The other day a tweet arrived asking followers how they cope with the stress of a wired world. I believe that the word “stress” was suggesting negativity in this instance. My reply suggested that my wires are not my strings. I find my wired (or more accurately; my “wireless”) world to be quite liberating. I can control my communications and information far more than I ever did or could in the past.
In olden times, if one wanted to exchange information or pleasantries with a friend (in real time) one had to place or receive a call while both people were at home and near a phone (phones were often stationary devices.) Calls often went on for extended periods of time as call waiting was yet to be invented. One could romanticize this phenomenon or point out how it eroded actual social experiences and rendered relationships to nothing more than disembodied voices squawking at each other. The telephone heralded the end of social calls and meaningful discourse. It was the Facebook of its time.
No doubt, print and newspapers heralded the end of the town square and civic discourse. Fine. Progress is change, and change is uncomfortable. Do I bristle at having to learn yet another platform or version of what was working perfectly fine thank you very much? Of course. But suggesting that having more access to information and people is stressful? Well, that’s just irritating. We aren’t fitted with some sort of Woody Allen Sleeper helmet (yet.) If it’s all too overwhelming, turn it off. But to suggest that our (current) advances in technology are anything beside access to information or communication is just silly. There is nothing to demonize here. Facebook didn’t create bullies, nature created bullies. Technology did not erode teenagers morality or their sense of self. It just broadcasts it.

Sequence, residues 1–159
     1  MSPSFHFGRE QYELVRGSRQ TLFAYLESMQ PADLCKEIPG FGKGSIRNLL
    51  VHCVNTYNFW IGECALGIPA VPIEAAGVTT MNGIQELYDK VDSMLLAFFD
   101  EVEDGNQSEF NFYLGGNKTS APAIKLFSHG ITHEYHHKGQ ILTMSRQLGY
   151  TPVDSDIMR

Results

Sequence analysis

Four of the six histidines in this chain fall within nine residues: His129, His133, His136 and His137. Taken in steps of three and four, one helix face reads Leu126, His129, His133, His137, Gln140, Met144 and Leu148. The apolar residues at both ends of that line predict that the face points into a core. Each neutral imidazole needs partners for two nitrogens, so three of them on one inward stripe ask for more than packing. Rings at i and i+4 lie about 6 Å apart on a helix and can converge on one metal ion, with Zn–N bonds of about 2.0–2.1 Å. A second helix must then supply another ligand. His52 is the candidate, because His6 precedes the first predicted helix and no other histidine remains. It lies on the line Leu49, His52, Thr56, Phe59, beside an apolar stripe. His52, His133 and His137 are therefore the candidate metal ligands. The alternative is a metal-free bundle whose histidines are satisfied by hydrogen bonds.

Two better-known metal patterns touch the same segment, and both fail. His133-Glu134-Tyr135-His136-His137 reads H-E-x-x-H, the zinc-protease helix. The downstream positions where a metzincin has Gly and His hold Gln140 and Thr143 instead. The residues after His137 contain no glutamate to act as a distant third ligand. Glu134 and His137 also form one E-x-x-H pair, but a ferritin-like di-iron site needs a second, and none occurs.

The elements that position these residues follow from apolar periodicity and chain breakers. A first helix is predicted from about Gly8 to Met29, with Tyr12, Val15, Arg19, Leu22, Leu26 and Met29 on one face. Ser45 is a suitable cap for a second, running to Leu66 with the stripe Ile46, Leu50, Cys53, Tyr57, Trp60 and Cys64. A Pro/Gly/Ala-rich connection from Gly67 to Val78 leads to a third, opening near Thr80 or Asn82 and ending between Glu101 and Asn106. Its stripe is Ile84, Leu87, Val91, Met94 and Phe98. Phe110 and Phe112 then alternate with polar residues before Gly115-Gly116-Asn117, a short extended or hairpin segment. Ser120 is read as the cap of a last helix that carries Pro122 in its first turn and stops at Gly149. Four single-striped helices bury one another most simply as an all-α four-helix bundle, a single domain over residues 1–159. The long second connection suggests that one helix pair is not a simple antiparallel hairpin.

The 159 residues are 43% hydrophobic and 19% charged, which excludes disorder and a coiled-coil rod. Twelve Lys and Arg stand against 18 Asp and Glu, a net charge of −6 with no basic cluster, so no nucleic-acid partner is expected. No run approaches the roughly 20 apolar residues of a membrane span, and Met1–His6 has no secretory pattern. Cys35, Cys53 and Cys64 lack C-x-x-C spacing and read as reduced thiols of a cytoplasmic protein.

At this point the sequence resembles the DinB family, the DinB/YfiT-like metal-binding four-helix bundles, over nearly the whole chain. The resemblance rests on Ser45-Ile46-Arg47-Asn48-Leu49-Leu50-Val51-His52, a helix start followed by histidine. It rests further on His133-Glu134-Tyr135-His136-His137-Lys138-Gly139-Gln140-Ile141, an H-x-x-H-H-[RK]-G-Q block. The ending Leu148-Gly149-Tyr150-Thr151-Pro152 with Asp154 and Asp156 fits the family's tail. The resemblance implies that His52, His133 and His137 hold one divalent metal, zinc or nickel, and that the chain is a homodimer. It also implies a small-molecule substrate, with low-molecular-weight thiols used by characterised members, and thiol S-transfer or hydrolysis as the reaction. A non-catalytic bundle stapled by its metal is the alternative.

Are there one (or two) generations who have a radically different attention span than their elders? Most definitely. Imagine what the attention span was of a generation raised on horse and buggies? Personally, I’m more concerned about a generation who ends every sentence with a question mark.
I credit the (current) state of technology with the connectivity I now enjoy with extended family. Elementary school friends, I assumed I would never again see, are back in my orbit. It is a very satisfying feeling this sense of the continuity of life. In fact, it is the opposite of alienating. Technology quenches my thirst for research (and by “research” I mostly mean; “where do I know that actor from?”) While they will have to wrestle my actual newspaper from my cold (deceptively strong) hands, I love that I don’t have to wait until morning to know what is happening. The curated news streaming on my twitter feed was once only available to diplomats and really wealthy people.
All of the (literal) bells and whistles are muted on my devices. They exist to serve me. They allow me to feel connected to the world. And the torch wielding villagers are not going to convince me otherwise.